BARQUISIMETO, Venezuela (CNS) — Under other circumstances, Jonny Lopez might have been happy that he was losing weight.
“I’ve been running around the city so much, looking for food, that I’ve lost 20 pounds,” said the father of two.
Standing in line has become a routine as he tries to buy food for his family and to supply a fast-food stand that he runs on a street corner in their neighborhood.
“The longest line was 11 hours once, to buy a package of corn meal, a little milk, rice and meat,” he said, adding that the money he and his wife earn does not cover necessities. “The money we used to spend on a week’s groceries now buys just a small bag of things.”
“The Venezuelan people are dying of hunger,” Lopez said.
In December, Venezuela’s minimum wage covered only half of a family’s basic food needs, according to sociologist Luis Pedro Espana.
The downturn in international oil prices in 2015 sent Venezuela’s oil-dependent economy into freefall, immersing the country in an unprecedented crisis marked by shortages of food and medicine and social unrest.
Embattled President Nicolas Maduro has blocked opposition efforts to force a recall election and has called out the military to help maintain control.
The city where Lopez and his wife, Aura Gallardo, live with their two daughters, Aurimar, 13, and Marijose, 3, is the fourth-largest in Venezuela. Lopez and his wife grew up in the youth movement in their parish, Jesus of Nazareth, and now participate in the Marriage Encounter movement.
In their parish and within their own families, they feel the sharp polarization between “chavistas” — Maduro supporters who take their name from former President Hugo Chavez — and opponents of the government.
“We never talk about politics in the parish, because there are people on both sides, and I have seen families destroyed by the conflict,” said Gallardo. She and Lopez said they are disillusioned with the government, but have little enthusiasm for the political opposition, which claims to have collected more than 1 million signatures to recall Maduro.
Fear is palpable everywhere.
“I don’t like the fact that voting in the referendum won’t be secret,” Gallardo said.
The government has asked that everyone who signed recall petitions should verify their signatures and has threatened that government workers who sign could lose their jobs. Gallardo, a teacher, is afraid of losing hers.
And that’s not the only fear. Besides hunger, violence has increased throughout the country, especially in her family’s neighborhood.
“In the past month alone, 16 young people were murdered in this neighborhood,” said Medical Mission Sister Maigualida Riera, who coordinates the parish’s youth ministry.
She and the pastor, Jesuit Father Jorge Ulloa, are trying to help people survive. They have offered workshops on preparing healthy means with leftovers, collected excess medicines, encouraged a music program for children and youth and asked for donations of food for distribution in the parish.
“But people no longer have food to donate,” Sister Maigualida said.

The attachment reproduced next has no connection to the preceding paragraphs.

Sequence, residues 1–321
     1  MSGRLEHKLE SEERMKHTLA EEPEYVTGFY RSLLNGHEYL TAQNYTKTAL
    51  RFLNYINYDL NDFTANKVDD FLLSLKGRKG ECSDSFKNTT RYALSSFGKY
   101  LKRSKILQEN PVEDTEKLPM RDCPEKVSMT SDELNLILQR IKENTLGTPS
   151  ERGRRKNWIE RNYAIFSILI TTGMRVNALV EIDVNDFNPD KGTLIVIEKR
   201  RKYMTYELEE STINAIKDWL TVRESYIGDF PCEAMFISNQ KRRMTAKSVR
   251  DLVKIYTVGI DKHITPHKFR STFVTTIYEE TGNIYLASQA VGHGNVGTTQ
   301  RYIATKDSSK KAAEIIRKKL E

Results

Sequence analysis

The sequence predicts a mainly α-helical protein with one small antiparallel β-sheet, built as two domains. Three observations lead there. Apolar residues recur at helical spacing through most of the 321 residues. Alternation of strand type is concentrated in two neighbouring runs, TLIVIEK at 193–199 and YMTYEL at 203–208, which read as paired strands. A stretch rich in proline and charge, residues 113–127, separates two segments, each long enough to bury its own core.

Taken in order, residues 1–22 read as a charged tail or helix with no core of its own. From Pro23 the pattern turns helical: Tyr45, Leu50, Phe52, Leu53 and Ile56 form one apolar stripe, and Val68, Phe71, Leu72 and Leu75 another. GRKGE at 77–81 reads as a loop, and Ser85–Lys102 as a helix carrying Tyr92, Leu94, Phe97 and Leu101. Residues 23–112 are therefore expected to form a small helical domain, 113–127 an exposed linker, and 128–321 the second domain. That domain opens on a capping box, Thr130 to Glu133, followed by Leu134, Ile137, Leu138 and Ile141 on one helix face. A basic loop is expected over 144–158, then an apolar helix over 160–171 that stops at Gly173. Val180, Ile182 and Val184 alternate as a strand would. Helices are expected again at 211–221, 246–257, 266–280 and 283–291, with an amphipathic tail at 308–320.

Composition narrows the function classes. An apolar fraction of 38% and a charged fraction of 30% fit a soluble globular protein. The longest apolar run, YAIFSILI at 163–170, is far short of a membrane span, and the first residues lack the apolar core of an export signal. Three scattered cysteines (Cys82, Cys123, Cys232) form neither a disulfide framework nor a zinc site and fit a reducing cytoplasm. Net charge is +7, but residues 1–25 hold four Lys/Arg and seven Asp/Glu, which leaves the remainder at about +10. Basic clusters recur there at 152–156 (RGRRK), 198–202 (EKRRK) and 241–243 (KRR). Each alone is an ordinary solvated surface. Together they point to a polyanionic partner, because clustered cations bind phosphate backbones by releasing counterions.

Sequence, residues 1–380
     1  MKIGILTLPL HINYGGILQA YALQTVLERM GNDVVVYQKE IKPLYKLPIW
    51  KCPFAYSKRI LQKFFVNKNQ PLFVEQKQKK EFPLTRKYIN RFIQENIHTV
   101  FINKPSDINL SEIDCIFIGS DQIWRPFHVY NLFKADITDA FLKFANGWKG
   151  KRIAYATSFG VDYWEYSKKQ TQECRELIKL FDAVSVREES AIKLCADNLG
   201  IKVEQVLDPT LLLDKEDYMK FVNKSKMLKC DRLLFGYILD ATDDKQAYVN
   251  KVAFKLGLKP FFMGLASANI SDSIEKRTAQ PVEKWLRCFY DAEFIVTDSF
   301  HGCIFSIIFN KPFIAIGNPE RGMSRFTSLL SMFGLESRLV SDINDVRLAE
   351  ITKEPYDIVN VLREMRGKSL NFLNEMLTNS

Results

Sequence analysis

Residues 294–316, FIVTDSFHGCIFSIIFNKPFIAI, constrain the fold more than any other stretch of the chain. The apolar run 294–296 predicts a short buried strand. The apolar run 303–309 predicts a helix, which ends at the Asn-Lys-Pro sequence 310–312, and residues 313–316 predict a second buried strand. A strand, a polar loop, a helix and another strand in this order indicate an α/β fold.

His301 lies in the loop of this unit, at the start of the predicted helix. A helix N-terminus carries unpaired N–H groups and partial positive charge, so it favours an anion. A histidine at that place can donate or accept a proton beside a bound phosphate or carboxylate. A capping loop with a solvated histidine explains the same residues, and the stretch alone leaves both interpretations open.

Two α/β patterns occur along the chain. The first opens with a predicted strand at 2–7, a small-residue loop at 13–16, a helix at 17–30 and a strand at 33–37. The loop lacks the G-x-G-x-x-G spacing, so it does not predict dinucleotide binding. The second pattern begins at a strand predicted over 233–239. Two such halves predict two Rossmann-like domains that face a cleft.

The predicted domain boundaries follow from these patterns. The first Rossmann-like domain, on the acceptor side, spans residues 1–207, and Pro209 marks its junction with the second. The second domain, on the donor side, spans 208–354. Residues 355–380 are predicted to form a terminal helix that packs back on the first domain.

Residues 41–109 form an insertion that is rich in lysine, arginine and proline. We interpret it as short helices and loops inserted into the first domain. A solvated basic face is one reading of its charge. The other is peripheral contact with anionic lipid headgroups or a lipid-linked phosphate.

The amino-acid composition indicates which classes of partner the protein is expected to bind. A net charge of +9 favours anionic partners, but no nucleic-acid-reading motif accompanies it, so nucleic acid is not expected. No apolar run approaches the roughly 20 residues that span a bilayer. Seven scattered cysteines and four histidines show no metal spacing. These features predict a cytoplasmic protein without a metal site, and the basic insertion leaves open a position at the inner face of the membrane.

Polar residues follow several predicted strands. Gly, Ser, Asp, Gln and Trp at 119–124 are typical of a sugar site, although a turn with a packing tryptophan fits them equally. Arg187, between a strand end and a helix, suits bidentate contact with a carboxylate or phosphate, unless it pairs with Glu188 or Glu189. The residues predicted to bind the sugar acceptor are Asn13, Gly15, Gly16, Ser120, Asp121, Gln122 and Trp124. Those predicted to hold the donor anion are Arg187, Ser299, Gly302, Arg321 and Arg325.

That is true throughout the country, said Yaneth Marquez, coordinator of Caritas Venezuela.
“In the Venezuelan Caritas offices, we survive on what the faithful and some companies donate, but we’re receiving almost nothing now,” she said. “We’ve had to cut our nutrition and health care programs in half.”
She said she hopes the government will grant the Venezuelan bishops’ request to allow the church to bring donations of food and medicine into the country. So far, however, there has been no response.
Not only is the price of food skyrocketing with runaway inflation, but food and other necessities are also scarce. The government sets the exchange rate of the national currency, the bolivar, giving rise to a flourishing black market.
“Something that costs you 60 bolivars in the regulated market may cost you 1,200 in the free market,” Lopez said.
Venezuelans must wait in long lines to buy the few staples available, which are distributed by the government at prices set by the government. If they cannot purchase what they need, they go hungry or buy from “bachaqueros,” people who resell food at black-market prices.
Throughout Venezuela, businesses are empty and many stores in shopping centers have closed. Besides a food shortage, there is a lack of health-care supplies, even in hospitals, and an energy crisis is causing rolling blackouts.
Pharmacies sell soft drinks and snacks instead of medicines, and in cities in the interior of the country, electricity is cut off for four hours a day. To save energy, public employees work only two days a week, and students attend classes only four days a week.
There is talk that the Vatican could mediate between the government and the opposition. In early May, Pope Francis publicly expressed his concern about the situation in Venezuela and sent a personal letter to Maduro.
When a top Vatican official was scheduled to visit Venezuela for the ordination of a priest set to become the Vatican nuncio to Congo, rumors grew that the Vatican was taking on the role of mediator, even though the Vatican denied it. In the end, though, the scheduled trip of Archbishop Paul Gallagher, Vatican secretary for relations with states, was canceled “for reasons not depending on the Holy See.”
Meanwhile, as Lopez scrounges for food for his family and his corner stand, he fears the worst.
“For the past 15 years,” he said, “I’ve been afraid that we would face armed social upheaval.”
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